Writers’ Workshop

What happens when you share your art with others?

#memoirs #susanstrasser #susanstrasserblog #amwriting

So as you may or may not recall, I was scheduled to have an excerpt of my latest manuscript workshopped the other week by my newly formed memoir writers’ workshop critique group.

They did, and informed me that it was not the best three chapters they’d ever read in their life!

A novice memoirist can dream, right?

The constructive criticism ran the gamut from hurting my feelings to moderate approval to straight-up compliments. There was an even amount of all of it, to be honest. Compliments! YAY!

And really, I savored it all. I hadn’t shown my manuscript to anyone all year, and it was a relief to get feedback.

My biggest strengths: encapsulating myself as a child and details of the era

My biggest weakness: characterization. Understandable. It’s extremely difficult to create a replica of family members from my childhood mind and feel like the depictions are not only accurate but enable a reader to visualize and hear them.

But my perspective on being a writer submitting to a writer’s workshop is not the same as it was even a year ago; while my ego momentarily stings from the critical comments, all joking aside, I know that the comments are about writing, NOT me. Such a tough lesson to learn. I’ve been workshopping with other writers for decades and it’s taken a long time for me to get to that point.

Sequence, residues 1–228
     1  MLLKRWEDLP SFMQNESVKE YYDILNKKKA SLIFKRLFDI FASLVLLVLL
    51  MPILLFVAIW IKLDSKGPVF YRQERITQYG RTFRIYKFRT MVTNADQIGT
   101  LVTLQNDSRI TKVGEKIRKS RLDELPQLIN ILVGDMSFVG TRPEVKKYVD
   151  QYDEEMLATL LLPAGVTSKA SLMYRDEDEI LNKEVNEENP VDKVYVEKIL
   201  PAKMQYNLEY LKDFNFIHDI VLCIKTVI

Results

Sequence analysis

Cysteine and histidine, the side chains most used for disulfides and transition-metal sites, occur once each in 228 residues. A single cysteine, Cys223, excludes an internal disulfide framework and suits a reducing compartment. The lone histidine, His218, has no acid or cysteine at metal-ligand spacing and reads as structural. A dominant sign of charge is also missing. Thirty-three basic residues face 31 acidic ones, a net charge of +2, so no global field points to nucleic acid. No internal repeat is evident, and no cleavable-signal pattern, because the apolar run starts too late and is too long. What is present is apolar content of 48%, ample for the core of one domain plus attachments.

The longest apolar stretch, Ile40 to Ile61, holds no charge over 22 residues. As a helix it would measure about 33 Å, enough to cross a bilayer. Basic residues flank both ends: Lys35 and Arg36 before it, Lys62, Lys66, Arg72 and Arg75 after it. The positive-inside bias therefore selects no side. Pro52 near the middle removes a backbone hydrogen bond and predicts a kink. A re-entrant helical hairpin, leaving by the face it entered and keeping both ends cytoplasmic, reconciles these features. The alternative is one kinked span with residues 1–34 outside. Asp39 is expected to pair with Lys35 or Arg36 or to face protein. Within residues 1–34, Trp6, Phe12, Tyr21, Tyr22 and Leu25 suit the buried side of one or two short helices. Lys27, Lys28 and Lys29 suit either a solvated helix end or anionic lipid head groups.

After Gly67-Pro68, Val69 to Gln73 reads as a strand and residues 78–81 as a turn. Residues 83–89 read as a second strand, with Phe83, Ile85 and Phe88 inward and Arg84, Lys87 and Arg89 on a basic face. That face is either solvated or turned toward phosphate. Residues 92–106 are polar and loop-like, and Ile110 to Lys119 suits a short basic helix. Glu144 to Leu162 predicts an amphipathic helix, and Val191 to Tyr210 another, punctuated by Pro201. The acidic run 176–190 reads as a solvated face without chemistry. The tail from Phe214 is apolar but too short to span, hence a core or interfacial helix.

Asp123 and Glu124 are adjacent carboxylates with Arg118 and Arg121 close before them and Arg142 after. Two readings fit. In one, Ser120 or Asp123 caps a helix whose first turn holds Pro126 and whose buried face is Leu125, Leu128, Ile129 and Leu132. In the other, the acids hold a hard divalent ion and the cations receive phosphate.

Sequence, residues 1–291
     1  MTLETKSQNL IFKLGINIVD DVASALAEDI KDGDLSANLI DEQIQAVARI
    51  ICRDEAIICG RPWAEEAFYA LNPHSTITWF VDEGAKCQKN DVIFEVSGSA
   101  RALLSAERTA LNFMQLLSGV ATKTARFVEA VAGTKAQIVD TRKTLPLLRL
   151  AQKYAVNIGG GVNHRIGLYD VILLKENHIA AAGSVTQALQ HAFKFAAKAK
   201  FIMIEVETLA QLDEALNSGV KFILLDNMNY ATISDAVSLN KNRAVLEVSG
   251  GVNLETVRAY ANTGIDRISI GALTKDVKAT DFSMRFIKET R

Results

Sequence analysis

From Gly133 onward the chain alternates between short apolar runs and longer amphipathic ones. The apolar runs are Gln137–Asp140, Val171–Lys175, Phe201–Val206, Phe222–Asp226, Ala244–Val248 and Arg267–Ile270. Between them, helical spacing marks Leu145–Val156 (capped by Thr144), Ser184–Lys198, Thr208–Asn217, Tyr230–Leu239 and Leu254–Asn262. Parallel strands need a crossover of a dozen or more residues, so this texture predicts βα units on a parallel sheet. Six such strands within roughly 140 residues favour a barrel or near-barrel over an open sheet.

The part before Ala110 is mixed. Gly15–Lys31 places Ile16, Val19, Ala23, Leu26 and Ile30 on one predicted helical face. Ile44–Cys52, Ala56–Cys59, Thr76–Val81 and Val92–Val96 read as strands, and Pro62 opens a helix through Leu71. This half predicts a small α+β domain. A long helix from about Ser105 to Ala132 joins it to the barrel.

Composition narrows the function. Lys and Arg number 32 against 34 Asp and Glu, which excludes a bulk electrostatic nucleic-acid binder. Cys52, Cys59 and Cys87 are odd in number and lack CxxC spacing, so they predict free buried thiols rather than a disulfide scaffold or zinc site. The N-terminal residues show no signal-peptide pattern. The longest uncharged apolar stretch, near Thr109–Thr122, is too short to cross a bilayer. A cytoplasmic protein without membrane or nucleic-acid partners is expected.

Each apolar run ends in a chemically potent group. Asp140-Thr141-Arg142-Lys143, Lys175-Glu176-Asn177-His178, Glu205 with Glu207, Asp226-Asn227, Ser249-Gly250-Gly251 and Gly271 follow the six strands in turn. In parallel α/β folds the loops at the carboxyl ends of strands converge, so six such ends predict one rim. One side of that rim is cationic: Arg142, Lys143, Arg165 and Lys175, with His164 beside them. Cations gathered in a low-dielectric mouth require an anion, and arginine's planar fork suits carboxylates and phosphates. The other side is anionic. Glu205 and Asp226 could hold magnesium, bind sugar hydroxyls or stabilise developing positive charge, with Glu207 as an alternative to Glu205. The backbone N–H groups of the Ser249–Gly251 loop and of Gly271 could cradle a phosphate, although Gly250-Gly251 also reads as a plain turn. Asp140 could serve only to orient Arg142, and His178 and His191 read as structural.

I see, more than ever, what a gift it is to have my newfound community of peers.

I know that my craft is about process, not product.

Yes, I will publish this damn thing, but not this year.

For three or four years now I have put pressure on myself to publish. When are you publishing your book? people ask. I’d say 2020, 2021, 2022… well, guess what? Not this year!

I had the whole kit and kaboodle at the end of 2021 with an editor breathing down my neck. But you know what? That’s not where I’m at right now. ’24, ’25? Yes, that might work then.

I am so grateful to God for realizing that my memoir is a journey, not a race.

I received pages of thoughtful, insightful critique from my fellow memoirists and I’m going to finish reflecting on it. Take the good with the bad. And get moving on these new character profile sheets I made up to truly bring the folks in my childhood to life!

The average length for a good memoir is around 70,000 words and I’ve got that already.

But how good can I make it?

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